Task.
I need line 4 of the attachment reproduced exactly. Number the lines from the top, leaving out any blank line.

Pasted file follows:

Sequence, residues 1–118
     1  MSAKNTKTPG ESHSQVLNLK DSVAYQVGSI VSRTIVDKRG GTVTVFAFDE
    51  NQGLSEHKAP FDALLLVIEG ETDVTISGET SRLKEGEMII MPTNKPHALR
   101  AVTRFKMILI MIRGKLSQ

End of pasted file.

   101  AVTRFKMILI MIRGKLSQ